The view from my seat. Much better…

After the game, if the televised late match looks a decent contest, we’ll shoot straight home to catch that. But Arsenal vs. Tottenham wasn’t on at the usual time of 5:30pm, but moved forward to 5:15pm. So any person heading back from a 3pm game was sure to miss a huge chunk of what was undoubtedly the tie of the round.

Moving that kick-off time forward 15 minutes really does beggar belief and supporters would sometimes be forgiven for thinking the FA go out of their way to hamper them, such is the baffling nature of some decisions. Just think back to last season’s final, where Wigan and Manchester City supporters had to attend a final that kicked off at 5:30pm and there no trains running back to the North-West post game.

Aside from that North London derby, the 3rd round draw was relatively uninspiring. So what better opportunity to give some television time to some of the non-league sides who were left in the draw?

Fat chance. Instead the usual suspects Manchester City, Chelsea and Manchester United were the televised games. Non-league Grimsby, who hosted Huddersfield Town in a 3-2 thriller, would have surely been a better option for UK TV (although it was shown in the US)? As would Macclesfield, a club riddled by financial woes, who took on Sheffield Wednesday at Moss Rose (another game shown on US TV, but not UK TV alas).

Supporters as a whole seem to be getting a little fed up with the FA Cup. And is it any wonder?

It was such a boost to see a packed out West Ham away end against Nottingham Forest. But after Sam Allardyce hung a host of young players out to dry, how many supporters will be making another FA Cup away trip under the tutelage of ‘Big Sam’?

Seemingly every game across the country was littered with huge blocks of empty seats and it’s so apparent that interest in the cup during these early rounds just isn’t there. And that is a by-product of fielding teams like the one Allardyce sent to the slaughter against Forest, as well as comments demeaning the tournaments significance, like those from Paul Lambert.

There are some managers that might be forgiven for decrying the detrimental effect these extra fixtures have on their squad, but Lambert isn’t one of them. Villa look almost certain to finish in mid-table — they’re currently six points clear of the relegation zone. And with no League Cup games and no European football to sap the legs of his squad, Lambert should be going all out for this competition, shouldn’t he?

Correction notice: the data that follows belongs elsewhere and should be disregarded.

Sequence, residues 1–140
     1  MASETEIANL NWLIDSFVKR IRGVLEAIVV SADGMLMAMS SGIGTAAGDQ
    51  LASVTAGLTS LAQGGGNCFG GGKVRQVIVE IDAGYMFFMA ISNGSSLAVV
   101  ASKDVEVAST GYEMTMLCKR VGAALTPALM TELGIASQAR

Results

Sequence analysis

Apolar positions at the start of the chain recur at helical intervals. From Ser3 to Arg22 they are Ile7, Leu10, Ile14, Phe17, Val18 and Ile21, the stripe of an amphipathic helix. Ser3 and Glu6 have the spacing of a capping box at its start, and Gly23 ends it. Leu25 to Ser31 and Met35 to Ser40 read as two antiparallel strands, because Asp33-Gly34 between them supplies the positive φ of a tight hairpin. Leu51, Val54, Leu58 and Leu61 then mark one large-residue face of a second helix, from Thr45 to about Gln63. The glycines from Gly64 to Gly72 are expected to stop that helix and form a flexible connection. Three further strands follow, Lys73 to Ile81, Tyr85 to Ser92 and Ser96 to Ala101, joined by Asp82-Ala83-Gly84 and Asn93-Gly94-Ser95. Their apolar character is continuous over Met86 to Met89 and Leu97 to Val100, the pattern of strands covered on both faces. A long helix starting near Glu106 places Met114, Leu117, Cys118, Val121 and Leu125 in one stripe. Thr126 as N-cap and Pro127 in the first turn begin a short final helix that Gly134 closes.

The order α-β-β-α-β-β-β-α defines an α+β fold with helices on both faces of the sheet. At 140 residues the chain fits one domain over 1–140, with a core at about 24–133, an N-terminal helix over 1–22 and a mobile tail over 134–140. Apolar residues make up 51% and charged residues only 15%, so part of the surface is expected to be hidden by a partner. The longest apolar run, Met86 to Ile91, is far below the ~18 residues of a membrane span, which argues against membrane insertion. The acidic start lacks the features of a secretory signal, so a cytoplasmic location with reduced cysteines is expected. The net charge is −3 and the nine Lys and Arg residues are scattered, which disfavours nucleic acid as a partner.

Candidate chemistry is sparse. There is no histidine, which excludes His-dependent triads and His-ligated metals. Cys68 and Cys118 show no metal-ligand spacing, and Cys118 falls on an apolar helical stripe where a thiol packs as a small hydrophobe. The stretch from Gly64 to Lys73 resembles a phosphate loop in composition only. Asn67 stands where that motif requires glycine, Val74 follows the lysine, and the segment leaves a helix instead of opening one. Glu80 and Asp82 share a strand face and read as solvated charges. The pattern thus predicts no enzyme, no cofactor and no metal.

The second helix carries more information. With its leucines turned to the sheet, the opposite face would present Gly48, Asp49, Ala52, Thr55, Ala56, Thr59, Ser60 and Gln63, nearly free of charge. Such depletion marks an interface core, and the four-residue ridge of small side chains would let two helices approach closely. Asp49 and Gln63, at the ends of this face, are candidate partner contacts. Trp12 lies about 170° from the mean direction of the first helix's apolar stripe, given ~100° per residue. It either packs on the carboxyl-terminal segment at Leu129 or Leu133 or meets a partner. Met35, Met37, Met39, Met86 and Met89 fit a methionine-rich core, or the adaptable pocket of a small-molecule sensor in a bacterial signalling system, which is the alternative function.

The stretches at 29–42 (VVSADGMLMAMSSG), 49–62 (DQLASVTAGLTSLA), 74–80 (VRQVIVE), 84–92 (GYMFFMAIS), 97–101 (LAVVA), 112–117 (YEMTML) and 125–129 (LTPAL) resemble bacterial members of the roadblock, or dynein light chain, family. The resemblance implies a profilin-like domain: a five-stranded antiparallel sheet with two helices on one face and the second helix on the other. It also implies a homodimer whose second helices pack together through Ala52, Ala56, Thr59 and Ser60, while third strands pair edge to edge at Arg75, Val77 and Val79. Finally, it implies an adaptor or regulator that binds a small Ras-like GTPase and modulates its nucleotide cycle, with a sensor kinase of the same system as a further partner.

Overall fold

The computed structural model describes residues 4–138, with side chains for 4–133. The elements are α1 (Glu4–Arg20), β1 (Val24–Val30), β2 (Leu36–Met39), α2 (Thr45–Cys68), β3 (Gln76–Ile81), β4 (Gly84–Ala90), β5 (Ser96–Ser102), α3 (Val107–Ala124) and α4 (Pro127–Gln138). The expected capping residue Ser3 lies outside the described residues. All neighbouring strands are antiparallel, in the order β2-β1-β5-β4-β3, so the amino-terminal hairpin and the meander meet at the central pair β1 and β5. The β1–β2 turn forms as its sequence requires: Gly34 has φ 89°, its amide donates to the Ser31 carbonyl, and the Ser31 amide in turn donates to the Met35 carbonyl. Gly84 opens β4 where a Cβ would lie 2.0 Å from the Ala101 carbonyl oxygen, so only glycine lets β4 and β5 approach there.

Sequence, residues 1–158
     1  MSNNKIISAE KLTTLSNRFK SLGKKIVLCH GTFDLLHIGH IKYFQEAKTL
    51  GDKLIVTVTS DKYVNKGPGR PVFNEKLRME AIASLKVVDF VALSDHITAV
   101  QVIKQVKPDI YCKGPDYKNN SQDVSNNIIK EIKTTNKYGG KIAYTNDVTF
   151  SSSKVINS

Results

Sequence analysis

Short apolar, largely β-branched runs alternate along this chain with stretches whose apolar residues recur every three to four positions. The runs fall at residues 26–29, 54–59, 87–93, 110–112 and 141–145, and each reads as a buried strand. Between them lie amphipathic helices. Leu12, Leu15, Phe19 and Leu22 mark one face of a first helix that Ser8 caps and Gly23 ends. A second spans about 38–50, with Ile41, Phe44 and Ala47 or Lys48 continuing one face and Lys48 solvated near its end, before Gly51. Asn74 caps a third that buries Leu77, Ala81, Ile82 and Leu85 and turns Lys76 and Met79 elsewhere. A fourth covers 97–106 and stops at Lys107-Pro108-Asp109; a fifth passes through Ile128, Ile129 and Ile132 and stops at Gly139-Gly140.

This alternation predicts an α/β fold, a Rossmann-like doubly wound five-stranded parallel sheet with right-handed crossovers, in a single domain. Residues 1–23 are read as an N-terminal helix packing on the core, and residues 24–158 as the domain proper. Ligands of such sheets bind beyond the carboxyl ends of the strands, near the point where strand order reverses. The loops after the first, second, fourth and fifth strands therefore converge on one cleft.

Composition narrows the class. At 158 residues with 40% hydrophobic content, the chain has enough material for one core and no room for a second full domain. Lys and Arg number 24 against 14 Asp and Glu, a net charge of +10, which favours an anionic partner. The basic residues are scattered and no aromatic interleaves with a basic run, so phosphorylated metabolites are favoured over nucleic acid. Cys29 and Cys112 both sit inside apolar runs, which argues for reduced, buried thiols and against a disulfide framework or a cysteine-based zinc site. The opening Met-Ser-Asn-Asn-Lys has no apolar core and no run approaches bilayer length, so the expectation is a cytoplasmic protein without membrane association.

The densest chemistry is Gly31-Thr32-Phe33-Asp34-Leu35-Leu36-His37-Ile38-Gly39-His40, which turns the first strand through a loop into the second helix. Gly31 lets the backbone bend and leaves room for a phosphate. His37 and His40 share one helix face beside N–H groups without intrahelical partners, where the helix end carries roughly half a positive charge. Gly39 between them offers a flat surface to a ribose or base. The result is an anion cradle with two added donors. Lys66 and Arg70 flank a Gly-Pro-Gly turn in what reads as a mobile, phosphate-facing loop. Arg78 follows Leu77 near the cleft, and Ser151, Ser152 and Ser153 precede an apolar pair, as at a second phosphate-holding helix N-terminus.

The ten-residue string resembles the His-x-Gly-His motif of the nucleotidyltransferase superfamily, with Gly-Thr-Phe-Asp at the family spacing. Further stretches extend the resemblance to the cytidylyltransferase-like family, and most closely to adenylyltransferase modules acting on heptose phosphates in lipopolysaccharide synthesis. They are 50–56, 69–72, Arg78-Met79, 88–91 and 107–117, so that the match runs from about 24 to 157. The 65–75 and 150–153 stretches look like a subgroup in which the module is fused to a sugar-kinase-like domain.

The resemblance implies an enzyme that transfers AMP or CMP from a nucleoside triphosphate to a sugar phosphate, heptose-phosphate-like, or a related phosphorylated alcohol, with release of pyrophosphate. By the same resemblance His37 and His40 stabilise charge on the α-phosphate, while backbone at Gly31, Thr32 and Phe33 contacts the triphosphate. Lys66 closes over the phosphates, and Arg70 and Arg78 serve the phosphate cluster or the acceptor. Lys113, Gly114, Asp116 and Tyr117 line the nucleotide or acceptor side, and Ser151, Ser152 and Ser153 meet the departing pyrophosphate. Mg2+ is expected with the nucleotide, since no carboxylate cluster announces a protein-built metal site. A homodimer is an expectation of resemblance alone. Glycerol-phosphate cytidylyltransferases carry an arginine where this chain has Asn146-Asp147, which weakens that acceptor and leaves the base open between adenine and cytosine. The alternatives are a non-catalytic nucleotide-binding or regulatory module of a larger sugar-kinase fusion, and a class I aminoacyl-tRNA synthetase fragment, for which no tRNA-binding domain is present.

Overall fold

Villa have 18 games to play in 126 days before the end of the season, which equates to one every seven days. If they’d beaten League One outfit Sheffield United, they would have had a potential further five games to play if they were to reach the final, equating to a game every five-and-a-half days.

It’s remarkable that Lambert didn’t fancy a run in such a prestigious competition. A cup run would have given everyone at the club a massive lift and would have surely kept spirits high towards the end of the campaign.

By playing a weakened team and losing to Sheffield United – a team that have won once on the road all season – the manager has merely plunged the mood of the club back into the doldrums. Now, Villa supporters have nothing but mid-table obscurity and the occasional cautious glance over their shoulders to enjoy as the season winds down.

The magic of the cup indeed.


  1. IanCransonsKnees January 8, 2014
  2. EPLNFL January 8, 2014
  3. christian January 8, 2014